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NGOs Demand Action on Car

NGOs Demand Action on Car

Private aid organizations are seeking to hold talks with high-level government representatives

following a spate of violent car thefts in August.

"We are sure the government can do something about this problem and we feel

we cannot just sit here and let it happen," said Nick Hughes, a spokesman for

the Cooperation Committee for Cambodia.

In the first two weeks of August, NGOs lost six vehicles, all Toyota Land Cruisers,

in and around Phnom Penh. In one case, the vehicle was stolen at gun point after

the driver stopped to check on a fallen motorcycle rider who had run into the car.

More vehicles were stolenin the provinces including one which was later found in

a field ringed with land mines.

Hughes said the most disturbing aspect was the increasingly violent nature of the

crimes.

"Compared to UNTAC it's peanuts but the way two of them have gone, with guns

to the head, it is very worrying. Now it has come to the point were I am telling

my staff, if you have an accident and you don't think it was your fault don't stop-and

I am working for a humanitarian organization, it's a horrible situation," he

said.

UNTAC has lost more than 160 cars to car thieves, most of them in the last few months.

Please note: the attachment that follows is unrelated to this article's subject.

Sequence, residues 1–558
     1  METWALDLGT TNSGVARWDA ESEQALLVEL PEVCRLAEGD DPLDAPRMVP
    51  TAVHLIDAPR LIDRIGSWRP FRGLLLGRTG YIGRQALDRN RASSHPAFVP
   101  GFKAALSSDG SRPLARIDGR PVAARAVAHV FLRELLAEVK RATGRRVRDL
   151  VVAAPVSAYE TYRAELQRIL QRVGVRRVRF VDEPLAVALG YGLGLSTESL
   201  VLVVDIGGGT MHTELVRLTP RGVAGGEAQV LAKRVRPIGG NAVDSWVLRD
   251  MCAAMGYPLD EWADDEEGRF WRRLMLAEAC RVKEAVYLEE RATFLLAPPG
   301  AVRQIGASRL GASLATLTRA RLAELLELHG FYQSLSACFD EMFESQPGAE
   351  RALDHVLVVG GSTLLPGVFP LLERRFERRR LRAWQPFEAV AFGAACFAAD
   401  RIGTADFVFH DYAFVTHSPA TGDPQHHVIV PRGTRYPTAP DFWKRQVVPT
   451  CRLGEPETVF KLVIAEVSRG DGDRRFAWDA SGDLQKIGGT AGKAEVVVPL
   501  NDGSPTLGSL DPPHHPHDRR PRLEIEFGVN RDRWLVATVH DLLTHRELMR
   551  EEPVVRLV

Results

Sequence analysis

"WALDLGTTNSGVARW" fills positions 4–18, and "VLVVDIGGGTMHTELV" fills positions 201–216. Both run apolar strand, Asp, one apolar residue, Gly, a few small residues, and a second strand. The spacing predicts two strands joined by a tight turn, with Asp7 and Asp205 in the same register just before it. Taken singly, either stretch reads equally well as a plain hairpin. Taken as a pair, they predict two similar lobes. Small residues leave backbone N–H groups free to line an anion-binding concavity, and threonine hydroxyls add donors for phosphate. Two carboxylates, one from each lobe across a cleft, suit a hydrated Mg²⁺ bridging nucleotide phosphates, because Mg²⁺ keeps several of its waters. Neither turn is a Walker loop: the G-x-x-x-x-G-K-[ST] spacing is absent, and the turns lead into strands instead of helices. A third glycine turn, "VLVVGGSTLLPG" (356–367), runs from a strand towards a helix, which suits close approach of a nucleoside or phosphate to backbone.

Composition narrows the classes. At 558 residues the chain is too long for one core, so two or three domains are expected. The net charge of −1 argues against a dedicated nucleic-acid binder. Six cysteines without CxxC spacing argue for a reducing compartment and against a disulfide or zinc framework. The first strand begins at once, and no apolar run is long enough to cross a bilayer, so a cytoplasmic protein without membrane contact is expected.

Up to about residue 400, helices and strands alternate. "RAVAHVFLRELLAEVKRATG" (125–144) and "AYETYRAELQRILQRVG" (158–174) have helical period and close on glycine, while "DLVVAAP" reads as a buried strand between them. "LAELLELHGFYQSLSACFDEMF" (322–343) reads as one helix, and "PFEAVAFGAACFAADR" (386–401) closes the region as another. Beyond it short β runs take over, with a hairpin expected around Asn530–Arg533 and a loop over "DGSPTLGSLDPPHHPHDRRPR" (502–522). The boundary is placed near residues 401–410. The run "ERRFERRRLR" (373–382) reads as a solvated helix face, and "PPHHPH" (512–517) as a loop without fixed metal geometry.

The recovery of several of the cars from the houses of high-ranking government and

military officials has led some U.N. officials to believe the robberies are part

of a well-connected racket.

Hughes said he was worried that if it appeared crimes could be committed with impunity,

the security situation in Cambodia could very quickly decline into anarchy.

The wave of thefts was also placing Khmer staff of NGOs and their families under

unfair pressure and suspicion, he said. Recently one NGO driver reported that he

was offered $3,000 to "loan" a Land Cruiser key to be copied. He refused

and was offered $4,000 but again he refused.

Hughes cautioned that while the loss of the vehicles had yet to hinder NGO operations,

"if it continues, agencies may wish to reassess what they are doing here."

"I can understand why people are doing this, it is their chance to make a bit

of money. I don't begrudge them that but in the long term for Cambodia it is not

a good thing," he said.

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